Interns are a small group of people who are usually not employed by a company and are often forced to live in temporary accommodation, according to the United Nations Office for the Coordination of Humanitarian Affairs (OCHA).
Interns must have the right to work and access the facilities and services they need to stay alive and be productive, as well as health care and education, the office says.
Residents are another group who are often unable to work because of economic or cultural barriers.
Interns can be paid an hourly wage, but they are not allowed to take any holidays, leave the country or work outside their area of employment.
They must have a minimum wage of €1,200 a month and a minimum monthly salary of €900.
The intern’s employer is also responsible for ensuring their safety.
Residents must have access to the basic social services they require to be able to make their own decisions about their daily life and their lives as citizens.
Residents have the same rights as the interns, but do not have access even to health services.
Residents do not get the same protection as their employer.
They are still under the responsibility of their employers to pay their rent, maintain their home and provide for their daily living needs.
The rights of interns, residents and asylum seekers are often in conflict with each other, because of the difference in their living conditions and the fact that these groups do not enjoy the same level of social and economic benefits as the interns.
Internships are often advertised for people from a different country, and often recruit people who do not meet the minimum standards for social and occupational mobility.
Internages and residents are often employed at low-wage jobs and do not receive the same social benefits as their employers.
In some cases, these people are not able to return home and are left with no choice but to live with the hostel staff or with the people who work at the hostels, said Maria de Oliveira, the OCHA’s deputy coordinator for the Middle East.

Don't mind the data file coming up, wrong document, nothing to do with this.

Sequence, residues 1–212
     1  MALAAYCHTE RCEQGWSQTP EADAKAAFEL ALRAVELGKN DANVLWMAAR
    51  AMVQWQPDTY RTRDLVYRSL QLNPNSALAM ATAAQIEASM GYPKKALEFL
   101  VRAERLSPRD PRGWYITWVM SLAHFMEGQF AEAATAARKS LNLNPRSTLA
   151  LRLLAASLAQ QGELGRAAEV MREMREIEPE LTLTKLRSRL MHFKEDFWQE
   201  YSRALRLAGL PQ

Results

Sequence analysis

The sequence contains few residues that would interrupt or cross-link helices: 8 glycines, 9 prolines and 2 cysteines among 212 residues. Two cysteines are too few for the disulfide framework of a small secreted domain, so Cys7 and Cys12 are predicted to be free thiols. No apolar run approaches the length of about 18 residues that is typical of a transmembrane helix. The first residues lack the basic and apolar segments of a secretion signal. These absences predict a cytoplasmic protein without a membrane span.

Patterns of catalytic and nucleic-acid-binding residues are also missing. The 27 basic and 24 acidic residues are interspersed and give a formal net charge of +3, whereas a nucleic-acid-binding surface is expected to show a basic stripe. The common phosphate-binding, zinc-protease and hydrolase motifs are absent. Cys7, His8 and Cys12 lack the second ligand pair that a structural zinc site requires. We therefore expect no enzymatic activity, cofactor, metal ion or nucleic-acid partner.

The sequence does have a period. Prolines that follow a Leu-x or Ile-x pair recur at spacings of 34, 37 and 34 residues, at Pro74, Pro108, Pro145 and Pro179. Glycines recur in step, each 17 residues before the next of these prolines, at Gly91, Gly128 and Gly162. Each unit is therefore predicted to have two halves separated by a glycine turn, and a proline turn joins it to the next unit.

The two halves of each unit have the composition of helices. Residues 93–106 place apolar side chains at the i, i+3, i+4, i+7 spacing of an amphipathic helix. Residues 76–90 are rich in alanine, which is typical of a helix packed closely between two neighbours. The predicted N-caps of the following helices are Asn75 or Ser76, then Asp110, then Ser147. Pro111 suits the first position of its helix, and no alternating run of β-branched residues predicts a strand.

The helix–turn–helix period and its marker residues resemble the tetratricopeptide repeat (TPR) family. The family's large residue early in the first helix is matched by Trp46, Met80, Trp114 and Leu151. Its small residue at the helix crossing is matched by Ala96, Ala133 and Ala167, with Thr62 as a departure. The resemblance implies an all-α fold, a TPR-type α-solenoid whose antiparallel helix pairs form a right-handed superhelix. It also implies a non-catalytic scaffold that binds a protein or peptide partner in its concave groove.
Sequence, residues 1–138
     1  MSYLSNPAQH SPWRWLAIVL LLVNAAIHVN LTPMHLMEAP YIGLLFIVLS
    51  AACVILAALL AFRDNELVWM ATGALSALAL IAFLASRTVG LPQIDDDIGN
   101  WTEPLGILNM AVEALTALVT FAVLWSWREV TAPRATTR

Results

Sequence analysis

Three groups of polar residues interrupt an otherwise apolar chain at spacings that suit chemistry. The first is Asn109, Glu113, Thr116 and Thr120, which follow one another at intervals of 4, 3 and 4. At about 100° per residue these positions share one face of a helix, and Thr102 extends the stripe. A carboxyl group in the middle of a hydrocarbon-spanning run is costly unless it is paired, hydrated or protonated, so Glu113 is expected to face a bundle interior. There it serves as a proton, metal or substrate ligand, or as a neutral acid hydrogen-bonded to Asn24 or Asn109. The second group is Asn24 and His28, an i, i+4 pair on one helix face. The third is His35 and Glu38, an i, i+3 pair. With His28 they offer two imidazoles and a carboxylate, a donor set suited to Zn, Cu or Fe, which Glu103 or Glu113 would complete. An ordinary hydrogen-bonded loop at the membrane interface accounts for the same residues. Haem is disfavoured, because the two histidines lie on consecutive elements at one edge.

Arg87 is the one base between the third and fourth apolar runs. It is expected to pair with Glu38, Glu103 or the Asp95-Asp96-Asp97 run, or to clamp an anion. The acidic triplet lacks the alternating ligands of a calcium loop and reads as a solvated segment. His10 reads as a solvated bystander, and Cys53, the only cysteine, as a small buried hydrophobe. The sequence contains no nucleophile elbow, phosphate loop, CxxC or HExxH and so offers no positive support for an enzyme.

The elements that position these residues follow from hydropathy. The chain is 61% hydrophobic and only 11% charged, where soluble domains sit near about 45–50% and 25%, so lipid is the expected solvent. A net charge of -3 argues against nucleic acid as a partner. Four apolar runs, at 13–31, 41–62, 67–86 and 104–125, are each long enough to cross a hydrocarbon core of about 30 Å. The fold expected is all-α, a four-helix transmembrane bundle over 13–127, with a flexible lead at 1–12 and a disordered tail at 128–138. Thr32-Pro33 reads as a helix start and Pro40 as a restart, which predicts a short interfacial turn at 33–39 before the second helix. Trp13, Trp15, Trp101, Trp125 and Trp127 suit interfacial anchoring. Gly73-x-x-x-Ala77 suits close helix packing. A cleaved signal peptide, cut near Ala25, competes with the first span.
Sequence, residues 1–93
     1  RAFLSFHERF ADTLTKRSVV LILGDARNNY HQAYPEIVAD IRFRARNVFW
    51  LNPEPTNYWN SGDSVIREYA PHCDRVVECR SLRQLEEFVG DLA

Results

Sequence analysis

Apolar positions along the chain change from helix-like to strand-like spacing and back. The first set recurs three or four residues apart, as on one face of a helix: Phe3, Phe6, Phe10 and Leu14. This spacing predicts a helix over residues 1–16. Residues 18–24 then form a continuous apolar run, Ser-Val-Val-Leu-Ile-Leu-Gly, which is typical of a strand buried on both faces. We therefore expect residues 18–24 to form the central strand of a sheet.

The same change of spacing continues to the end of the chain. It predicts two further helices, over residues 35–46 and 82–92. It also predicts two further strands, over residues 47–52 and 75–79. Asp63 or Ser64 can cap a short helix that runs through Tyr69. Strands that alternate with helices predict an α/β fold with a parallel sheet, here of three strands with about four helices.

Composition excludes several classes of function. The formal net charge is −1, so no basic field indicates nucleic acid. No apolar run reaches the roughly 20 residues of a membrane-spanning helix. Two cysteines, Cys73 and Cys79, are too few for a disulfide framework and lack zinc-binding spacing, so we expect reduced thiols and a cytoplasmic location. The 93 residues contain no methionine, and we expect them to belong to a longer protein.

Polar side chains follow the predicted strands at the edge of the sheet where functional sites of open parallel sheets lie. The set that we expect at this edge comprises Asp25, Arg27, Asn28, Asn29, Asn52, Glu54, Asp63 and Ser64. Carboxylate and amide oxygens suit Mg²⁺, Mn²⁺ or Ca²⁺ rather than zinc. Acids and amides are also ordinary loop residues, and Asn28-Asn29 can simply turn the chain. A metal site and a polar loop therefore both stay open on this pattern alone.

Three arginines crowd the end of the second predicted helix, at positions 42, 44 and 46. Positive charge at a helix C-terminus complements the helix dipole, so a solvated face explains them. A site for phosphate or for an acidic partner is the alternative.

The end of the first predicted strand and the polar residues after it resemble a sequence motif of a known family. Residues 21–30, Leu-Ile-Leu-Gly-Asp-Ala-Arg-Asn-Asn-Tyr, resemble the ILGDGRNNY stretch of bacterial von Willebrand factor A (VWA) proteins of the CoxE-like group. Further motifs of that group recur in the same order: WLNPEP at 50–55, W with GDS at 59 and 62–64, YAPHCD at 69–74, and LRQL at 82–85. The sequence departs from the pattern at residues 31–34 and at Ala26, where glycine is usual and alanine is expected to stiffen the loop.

This situation makes it difficult for residents to live independently, because they do not possess the same benefits as interns and interns have, she said.
The OCHA says that the migrant labour system, which relies on migrant labour from developing countries, is the main cause of the migrant crisis.
The migrants’ employment conditions are also severely affected by the lack of employment protection offered to them by the country they came from, such as the right of residence, which they are expected to provide in exchange for living in the host society, and the right not to be subjected to discrimination, the agency says.
The agency says that a total of 2.8 million people are estimated to be affected by migration within the EU and its territories, of whom 1.6 million are asylum seekers.
There are no figures available on the number of migrant workers in Germany.
The migrant workers are often exploited and abused by their employers and are vulnerable to exploitation by traffickers, says the OHA.
The Office for Migration and Refugees (OMAR) has set up a hotline for migrants in Germany to discuss their rights and concerns, as part of its response to the migrant crises.
The hotline provides information on legal, financial, labour and employment rights and remedies.
For more information on the migrant workers crisis, see: www.omar.de/en/migrant-workers-crisis-talks-migrants-international-trade-partner-france/